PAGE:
He accomplished this in sub-continental conditions which typically do not favour fast bowlers. I repeat. Rabada is a phenomenal player. But why trust me? South Africa’s former captain and fast bowling all rounder Shaun Pollock, when asked on air whether he was a potential future superstar responded: “He is already a superstar.”Allan Donald, South Africa’s former bowling coach says that Rabada is “destined to play for the Proteas for a long time” and has “unbelievable talent.” Makhaya Ntini, South African cricketing legend and South Africa’s most successful black African fast bowler to date, described Rabada as “without a doubt” this next big thing in South African cricket.
Not surprisingly, when it is crunch time – the so-called ‘death overs’ at the end of match, Rabada’s captain, AB De Villiers, has consistently and without hesitation given the twenty year old the ball.And Rabada has excelled.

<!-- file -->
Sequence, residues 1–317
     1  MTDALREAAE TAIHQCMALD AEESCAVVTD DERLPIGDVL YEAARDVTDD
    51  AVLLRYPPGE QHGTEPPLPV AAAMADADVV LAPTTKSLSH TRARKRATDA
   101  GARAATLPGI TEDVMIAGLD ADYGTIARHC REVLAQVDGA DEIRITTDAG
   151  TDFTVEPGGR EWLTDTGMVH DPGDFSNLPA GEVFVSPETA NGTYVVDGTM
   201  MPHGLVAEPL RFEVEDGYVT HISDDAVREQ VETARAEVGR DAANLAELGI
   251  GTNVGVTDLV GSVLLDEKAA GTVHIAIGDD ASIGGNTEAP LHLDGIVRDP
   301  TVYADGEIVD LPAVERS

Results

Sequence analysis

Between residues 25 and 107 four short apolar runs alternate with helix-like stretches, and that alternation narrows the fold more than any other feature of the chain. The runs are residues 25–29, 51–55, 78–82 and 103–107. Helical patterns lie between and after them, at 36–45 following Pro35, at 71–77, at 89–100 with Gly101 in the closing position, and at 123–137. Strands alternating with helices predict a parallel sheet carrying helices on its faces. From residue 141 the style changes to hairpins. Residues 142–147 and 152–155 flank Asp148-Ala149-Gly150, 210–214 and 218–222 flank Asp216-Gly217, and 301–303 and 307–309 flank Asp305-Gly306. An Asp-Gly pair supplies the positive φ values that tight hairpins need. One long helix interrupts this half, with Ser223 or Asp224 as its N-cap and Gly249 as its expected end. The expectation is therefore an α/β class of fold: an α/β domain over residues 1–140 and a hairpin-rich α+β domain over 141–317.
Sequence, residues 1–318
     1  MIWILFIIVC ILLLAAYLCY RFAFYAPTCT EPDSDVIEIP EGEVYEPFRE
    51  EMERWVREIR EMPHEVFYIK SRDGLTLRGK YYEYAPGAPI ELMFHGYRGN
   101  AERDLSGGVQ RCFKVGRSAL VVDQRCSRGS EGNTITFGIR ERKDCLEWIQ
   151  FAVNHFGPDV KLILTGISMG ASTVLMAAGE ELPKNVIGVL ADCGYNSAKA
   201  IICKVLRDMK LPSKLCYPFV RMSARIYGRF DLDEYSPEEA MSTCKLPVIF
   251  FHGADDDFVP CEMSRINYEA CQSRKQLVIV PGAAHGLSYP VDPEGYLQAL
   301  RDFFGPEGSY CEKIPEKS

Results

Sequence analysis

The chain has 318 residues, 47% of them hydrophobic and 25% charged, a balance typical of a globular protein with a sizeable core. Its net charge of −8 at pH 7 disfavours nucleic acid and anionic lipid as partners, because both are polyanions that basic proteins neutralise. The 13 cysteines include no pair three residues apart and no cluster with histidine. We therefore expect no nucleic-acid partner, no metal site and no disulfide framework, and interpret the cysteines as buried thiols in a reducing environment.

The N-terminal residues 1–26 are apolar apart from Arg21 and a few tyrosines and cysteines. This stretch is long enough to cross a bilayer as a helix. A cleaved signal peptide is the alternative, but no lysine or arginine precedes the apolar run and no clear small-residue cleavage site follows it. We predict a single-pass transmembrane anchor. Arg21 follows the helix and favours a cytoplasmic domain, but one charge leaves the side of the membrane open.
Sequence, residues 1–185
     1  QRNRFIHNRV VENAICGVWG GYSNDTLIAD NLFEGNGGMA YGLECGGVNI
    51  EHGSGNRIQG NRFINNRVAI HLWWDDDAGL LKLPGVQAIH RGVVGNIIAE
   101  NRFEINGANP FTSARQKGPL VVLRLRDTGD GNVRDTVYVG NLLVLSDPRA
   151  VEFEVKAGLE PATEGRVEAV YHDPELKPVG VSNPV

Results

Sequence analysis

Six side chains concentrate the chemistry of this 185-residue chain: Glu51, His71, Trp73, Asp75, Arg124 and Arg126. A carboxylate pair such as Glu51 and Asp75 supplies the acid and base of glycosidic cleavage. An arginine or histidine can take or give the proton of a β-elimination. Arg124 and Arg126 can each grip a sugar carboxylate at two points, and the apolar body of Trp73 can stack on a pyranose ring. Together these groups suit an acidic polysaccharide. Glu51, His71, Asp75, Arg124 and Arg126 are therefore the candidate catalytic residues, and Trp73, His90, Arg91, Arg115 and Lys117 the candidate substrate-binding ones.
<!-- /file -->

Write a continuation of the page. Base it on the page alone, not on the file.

In the first ODI against India in Kanpur, Rabada was tasked with bowling the final over against India’s captain MS Dhoni. India needed only 11 runs to win. The pressure was on and South Africa’s superstar stepped up. He managed to take two wickets, including Dhoni’s, and conceded only six runs. Cricket muggles: this is like running 100 metres in 9.8 seconds while juggling. He repeated this feat in the next match, again bowling the 50th over to Dhoni, Rabada, as a packed crowd watch in awe at the blunting of their own hero, bowled five balls without conceding a run before being hit for six by Dhoni off of the last ball of the innings.
This is quality cricket. The media coverage has been less so.